The Power of Mac

Back to School Software: 2002 Edition

Eric Schwarz - 2002.08.01

About a year ago I did an article on essential software for students going to school (either K-12 or college), and now that I'm running an almost-current Mac, I'm going back to see what counterparts of apps I suggested earlier are on my iBook's hard drive. I'll list the current program, as well as last year's in brackets.

Mac OS X (Mac OS 8.1/Mac OS 8.5/8.6)

I've pretty much switched all my day-to-day things over to OS X not only because of its power, but also for its stability. Not only does my iBook rarely crash, but things that used to drag the processor down (burning CDs is a good example) are given enough processing power to work, but you can do other work as well.

AppleWorks 6 & TextEdit (AppleWorks 5)

Since AppleWorks 5 wasn't OS X native, I decided to use the copy of AppleWorks that came with my iBook (6) and have had a very satisfying experience with it. All my AW5 files open fine, and the interface is more cleaned up, rather than tons of buttons. On slower Macs, it takes longer to load than AW5, but compared to Office v.X, it's still a much better program for all but the most demanding tasks.

I also found that Apple's built in TextEdit app can be customized and can be quite useful for some things that don't require lots of fancy features at all (like these articles and HTML code editing). And, since it's Cocoa, it takes advantage of all the built-in goodies of OS X.

OmniWeb (Internet Explorer 3 & 5)

I don't like IE that much anymore. I'm tired of Microsoft's games, and a while back I switched to iCab (IE 3 is still my favorite, since it wasn't 100% Microsoft and had a little of its Mosaic heritage in it). Although iCab for OS X is a fine piece of software, it's still a Carbon app, so I decided to try OmniWeb, and even though it doesn't conform to every standard, it's the best-looking Web browser I've used. It's also quite fast and compliments Apple's Mail program nicely.

GraphicConverter (PaintIt! and ColorIt!)

I use GraphicConverter a lot. It's basically like PaintIt! in terms of features and capabilities, except that it can read/write a lot more formats. For simple, fast graphic editing, GC is an excellent program.

nothing (HyperCard)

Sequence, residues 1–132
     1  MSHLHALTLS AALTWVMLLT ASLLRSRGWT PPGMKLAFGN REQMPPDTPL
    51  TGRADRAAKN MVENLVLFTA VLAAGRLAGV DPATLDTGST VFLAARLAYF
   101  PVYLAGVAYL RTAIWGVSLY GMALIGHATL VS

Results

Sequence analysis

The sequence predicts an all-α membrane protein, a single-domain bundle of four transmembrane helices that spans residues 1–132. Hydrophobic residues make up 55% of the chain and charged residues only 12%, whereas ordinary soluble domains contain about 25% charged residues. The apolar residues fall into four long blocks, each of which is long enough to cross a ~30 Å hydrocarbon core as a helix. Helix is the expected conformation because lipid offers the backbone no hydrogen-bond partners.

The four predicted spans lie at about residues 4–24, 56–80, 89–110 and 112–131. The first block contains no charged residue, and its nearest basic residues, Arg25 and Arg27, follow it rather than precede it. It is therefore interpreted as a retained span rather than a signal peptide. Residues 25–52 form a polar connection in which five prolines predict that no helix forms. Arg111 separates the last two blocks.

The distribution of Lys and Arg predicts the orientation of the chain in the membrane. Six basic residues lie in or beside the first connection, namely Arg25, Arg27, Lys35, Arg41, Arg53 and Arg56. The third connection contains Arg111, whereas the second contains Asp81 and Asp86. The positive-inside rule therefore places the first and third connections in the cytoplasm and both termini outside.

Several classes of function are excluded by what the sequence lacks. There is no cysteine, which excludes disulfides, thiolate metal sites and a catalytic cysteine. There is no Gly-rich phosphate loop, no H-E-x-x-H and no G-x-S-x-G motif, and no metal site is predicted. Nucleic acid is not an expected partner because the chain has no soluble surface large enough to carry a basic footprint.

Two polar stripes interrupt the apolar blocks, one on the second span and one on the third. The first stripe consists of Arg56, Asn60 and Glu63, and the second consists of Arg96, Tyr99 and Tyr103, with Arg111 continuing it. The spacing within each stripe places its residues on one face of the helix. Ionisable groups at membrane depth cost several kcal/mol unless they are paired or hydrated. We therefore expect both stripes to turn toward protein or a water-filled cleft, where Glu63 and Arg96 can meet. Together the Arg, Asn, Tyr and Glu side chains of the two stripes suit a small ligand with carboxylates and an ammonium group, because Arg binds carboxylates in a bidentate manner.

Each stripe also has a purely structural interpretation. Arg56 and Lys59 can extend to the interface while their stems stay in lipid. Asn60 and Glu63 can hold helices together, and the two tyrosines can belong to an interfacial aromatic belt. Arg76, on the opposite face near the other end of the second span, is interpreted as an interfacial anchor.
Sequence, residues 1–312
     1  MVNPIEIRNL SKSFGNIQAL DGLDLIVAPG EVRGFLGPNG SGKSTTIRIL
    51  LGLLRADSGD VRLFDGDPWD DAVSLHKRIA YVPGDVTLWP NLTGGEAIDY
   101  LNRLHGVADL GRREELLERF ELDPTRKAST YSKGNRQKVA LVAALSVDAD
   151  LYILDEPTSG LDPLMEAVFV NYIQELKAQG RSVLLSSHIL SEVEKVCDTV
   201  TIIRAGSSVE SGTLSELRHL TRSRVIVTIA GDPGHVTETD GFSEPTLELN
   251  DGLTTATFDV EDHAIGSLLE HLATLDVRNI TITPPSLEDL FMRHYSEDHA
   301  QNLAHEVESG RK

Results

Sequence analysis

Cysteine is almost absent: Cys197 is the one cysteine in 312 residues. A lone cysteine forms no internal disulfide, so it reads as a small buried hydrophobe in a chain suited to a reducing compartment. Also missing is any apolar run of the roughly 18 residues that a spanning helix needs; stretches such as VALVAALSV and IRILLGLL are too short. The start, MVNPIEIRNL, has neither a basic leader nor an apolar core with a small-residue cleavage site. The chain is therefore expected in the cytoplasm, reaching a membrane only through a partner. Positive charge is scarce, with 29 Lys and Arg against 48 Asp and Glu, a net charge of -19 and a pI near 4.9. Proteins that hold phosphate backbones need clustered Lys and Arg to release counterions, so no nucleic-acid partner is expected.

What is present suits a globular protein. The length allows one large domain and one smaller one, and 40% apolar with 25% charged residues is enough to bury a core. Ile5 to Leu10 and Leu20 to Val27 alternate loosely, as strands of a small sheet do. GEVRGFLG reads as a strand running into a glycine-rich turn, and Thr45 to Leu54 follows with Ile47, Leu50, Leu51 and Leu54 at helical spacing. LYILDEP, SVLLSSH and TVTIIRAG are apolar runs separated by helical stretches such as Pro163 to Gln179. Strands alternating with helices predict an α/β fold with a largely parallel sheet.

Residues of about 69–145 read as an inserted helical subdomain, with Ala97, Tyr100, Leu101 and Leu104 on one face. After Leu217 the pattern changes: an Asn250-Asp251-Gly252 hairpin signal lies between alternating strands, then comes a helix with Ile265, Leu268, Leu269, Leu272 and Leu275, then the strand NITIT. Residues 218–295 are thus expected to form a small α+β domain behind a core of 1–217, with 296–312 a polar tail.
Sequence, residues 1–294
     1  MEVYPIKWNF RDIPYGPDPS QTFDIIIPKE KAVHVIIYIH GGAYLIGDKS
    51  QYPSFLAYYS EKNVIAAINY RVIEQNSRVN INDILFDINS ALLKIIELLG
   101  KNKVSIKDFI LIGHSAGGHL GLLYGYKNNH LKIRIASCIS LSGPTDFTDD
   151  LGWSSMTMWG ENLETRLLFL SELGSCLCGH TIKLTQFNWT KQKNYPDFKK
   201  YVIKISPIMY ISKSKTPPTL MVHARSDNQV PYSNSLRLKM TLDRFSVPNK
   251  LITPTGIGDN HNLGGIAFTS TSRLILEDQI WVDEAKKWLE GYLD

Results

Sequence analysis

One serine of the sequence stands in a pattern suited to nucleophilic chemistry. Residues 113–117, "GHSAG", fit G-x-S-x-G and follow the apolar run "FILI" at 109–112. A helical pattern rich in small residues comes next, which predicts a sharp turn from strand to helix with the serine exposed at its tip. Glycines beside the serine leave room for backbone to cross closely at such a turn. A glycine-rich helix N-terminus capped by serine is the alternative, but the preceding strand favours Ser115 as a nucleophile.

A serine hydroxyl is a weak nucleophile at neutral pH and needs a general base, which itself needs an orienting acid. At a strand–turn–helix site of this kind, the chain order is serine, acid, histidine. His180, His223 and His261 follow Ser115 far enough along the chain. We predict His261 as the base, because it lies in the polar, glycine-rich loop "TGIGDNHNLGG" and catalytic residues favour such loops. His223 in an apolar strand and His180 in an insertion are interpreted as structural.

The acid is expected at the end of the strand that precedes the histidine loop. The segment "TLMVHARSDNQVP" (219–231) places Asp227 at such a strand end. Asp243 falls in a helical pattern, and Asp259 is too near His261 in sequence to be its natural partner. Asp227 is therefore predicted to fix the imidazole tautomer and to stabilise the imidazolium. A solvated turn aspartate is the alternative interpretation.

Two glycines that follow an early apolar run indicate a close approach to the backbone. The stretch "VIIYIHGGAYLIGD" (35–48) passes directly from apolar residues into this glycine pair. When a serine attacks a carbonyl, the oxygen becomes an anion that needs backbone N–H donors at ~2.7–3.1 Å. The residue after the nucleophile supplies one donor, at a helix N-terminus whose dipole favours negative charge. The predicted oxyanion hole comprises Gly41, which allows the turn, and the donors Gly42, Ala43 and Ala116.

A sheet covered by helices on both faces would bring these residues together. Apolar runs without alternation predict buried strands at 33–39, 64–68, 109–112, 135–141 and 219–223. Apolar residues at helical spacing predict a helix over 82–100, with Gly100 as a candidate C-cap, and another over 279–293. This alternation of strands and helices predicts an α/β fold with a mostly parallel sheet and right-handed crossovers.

I've dropped the use of HyperCard, but I think I'd still use it if there was a Cocoa/Carbon version available.

PCalc 2 (TI-81 Emulator)

PCalc 2 came with my iBook and isn't a graphing calculator, but it works quite nicely, and it's free.

Mail (Internet Mail & News 3 / Outlook Express 5)

I dropped Outlook Express in favor of Eudora. Eudora for OS X was still in beta when I got my iBook, and it felt kinda slow. When the final version was out, I was kinda disappointed in the lack of taking advantage of OS X's power, so I gave Apple's Mail app a try. Lots of people hate it, but I find it to be quite fast, and it takes care of my many email accounts, both POP and IMAP.

iTunes (GrayAMP)

Well, it only seems natural that I'd replace my old MP3 playing software with the only major one (and the best one) for OS X. I'm talking about iTunes 3. I have all kinds of playlists, covering all the CDs I've ripped and the other music I've accumulated. Lots of features - just go to Apple's site to read about 'em.

LiteSwitch (LiteSwitch)

One of two original apps I still have (in updated form), LiteSwitch is a control panel that allows Command+Tab, Option+Tab, Control+Tab program switching (just like Windoze). This is all it does, and it does a good job at it. You can download it from proteron.com. The dock does this now, but I still like the switching box that appears (it's translucent and can be resized).

Palm Desktop (Palm Desktop)

The other old app whose counterpart I use now is Palm Desktop. I used to use it as an organizer, but now that I have a Palm Vx, I use it to sync my handheld and organize things. The OS X version is just like the older versions, just with an interface to match OS X. If you don't have a PalmOS handheld, you may still find this useful.

Adium (AOL Instant Messenger)

I didn't mention AOL Instant Messenger the first time, but I used to use it. Now that I have OS X, I use Adium, and you can read about the virtues of instant messaging in one of my previous articles.

Well, that's it for this week. Be sure to change and add to this list to create your own software list of "must-haves" for your Mac, whether it be an old 68k (look at last year's version of this article) or a new dual-processor G4 tower (read this year's version). LEM

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